The bus might have cost $250 round trip; the train $400. The environmental costs? I’d like to say nothing, since these vehicles were going anyway, but of course the more of us who travel by public transportation, the more trains and buses will be on the road. Still, with the costs divided, we will call it negligible.

So what is the numerical value of protecting the environment? What is the worth of relaxing instead of fighting traffic? How many angels fit on a pin? These numbers are elusive, but real. We are already paying to fix pollution problems we created. And we are already suffering health costs born of our ailing environment. Someday, we will be able to see those numbers in black and white, and perhaps then we can make driving decisions more responsive to reality. In the meantime, I realize I am running up the bill.

About the author: Amy Miller is a writer who works in the public affairs office of EPA New England in Boston. She lives in Maine with her husband, two children, seven chickens, two parakeets, dog and a great community.

Editor’s Note: The opinions expressed in Greenversations are those of the author. They do not reflect EPA policy, endorsement, or action, and EPA does not verify the accuracy or science of the contents of the blog.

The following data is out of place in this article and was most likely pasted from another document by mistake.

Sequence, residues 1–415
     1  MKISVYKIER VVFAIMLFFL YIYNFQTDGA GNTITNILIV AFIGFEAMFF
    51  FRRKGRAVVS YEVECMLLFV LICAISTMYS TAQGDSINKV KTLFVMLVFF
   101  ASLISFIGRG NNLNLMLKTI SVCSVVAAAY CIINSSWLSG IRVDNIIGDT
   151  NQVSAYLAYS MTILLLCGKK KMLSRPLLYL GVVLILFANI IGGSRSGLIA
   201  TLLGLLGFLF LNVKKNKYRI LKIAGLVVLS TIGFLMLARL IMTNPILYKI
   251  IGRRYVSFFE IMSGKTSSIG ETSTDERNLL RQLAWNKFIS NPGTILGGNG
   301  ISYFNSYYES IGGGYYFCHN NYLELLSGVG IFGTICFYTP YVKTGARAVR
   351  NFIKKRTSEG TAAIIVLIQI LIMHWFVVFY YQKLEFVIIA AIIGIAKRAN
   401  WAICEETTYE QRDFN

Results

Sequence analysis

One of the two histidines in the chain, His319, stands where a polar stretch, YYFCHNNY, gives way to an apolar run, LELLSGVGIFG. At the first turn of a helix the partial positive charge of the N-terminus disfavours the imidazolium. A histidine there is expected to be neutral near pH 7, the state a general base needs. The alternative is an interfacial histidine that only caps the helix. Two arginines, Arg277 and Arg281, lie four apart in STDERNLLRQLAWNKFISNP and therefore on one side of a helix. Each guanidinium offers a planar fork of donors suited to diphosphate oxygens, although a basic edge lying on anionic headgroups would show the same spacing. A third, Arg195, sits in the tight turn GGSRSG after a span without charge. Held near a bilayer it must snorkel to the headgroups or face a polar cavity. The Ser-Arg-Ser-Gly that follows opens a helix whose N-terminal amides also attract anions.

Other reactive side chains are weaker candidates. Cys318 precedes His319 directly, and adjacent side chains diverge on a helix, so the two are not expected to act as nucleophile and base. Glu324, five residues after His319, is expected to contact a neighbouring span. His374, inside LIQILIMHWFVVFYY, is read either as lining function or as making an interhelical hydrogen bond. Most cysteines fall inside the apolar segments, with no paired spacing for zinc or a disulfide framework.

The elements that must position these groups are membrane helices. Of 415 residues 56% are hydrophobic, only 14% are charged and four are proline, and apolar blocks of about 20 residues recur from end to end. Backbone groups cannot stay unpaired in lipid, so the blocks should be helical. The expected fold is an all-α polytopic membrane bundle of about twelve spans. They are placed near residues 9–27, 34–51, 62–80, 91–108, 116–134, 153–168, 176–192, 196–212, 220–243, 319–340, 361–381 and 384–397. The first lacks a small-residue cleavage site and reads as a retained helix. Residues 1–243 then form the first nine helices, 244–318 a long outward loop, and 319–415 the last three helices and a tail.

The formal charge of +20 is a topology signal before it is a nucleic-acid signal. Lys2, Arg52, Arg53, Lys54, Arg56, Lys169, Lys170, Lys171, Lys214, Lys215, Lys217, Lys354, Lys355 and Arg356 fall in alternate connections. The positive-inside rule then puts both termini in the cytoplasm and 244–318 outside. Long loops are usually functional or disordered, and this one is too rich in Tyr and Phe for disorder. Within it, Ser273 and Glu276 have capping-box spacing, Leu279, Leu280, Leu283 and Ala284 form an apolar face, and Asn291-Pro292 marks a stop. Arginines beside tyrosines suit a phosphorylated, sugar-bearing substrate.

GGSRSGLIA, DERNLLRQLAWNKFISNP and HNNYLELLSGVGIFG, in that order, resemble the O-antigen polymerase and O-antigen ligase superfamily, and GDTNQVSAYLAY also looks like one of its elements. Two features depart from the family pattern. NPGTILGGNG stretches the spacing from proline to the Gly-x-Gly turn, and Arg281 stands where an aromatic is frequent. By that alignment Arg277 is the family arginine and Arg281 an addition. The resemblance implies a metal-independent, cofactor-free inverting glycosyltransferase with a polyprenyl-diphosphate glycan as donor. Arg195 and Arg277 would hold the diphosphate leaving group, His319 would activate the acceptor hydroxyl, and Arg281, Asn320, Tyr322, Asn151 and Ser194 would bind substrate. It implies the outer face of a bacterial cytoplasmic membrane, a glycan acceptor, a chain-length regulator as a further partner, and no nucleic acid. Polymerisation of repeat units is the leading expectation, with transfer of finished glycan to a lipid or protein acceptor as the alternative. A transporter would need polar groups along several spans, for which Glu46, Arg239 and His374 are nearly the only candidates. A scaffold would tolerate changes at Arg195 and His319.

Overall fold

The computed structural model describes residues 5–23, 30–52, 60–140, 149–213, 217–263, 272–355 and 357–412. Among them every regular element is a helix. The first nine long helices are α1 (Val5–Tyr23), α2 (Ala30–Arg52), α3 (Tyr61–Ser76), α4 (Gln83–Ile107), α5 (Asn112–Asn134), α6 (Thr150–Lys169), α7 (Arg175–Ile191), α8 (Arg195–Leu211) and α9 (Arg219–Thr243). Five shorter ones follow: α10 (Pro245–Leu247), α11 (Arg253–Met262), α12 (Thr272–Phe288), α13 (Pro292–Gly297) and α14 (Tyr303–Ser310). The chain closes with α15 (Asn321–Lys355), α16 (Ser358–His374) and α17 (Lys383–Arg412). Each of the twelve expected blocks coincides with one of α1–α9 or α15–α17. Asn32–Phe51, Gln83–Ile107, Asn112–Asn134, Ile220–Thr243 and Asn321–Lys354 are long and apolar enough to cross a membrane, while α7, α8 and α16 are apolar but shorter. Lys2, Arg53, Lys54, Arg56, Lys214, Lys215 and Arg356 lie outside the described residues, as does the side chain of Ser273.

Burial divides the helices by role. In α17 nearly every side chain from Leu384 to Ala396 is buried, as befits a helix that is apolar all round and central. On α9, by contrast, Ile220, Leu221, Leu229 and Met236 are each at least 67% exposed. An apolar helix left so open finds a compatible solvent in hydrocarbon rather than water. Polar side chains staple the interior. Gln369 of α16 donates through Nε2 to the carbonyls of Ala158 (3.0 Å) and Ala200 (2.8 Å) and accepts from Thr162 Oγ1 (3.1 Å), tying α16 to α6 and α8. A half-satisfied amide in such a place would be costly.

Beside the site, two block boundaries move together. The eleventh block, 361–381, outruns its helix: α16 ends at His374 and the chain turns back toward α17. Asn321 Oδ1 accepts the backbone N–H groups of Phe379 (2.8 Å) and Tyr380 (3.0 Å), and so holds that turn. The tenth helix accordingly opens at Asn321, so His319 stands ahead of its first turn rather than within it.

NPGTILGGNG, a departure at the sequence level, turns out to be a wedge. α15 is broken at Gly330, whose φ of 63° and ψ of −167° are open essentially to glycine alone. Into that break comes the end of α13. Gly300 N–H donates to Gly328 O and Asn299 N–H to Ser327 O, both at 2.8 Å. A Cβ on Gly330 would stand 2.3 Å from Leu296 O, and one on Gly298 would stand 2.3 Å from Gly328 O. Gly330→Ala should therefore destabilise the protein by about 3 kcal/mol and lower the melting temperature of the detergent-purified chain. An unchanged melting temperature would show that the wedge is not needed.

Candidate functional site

Editor's Note: The opinions expressed here are those of the author. They do not reflect EPA policy, endorsement, or action, and EPA does not verify the accuracy or science of the contents of the blog.

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Radon – Why Do We Ignore It?

By Shelly Rosenblum

Psychology is fascinating, especially when you consider how we use it on ourselves – or against ourselves to be more precise. When do we use it against ourselves? When we put things off that are good for us, like cutting back on junk food, or skipping the gym, or when we hear someone tell us to test for radon and we don’t.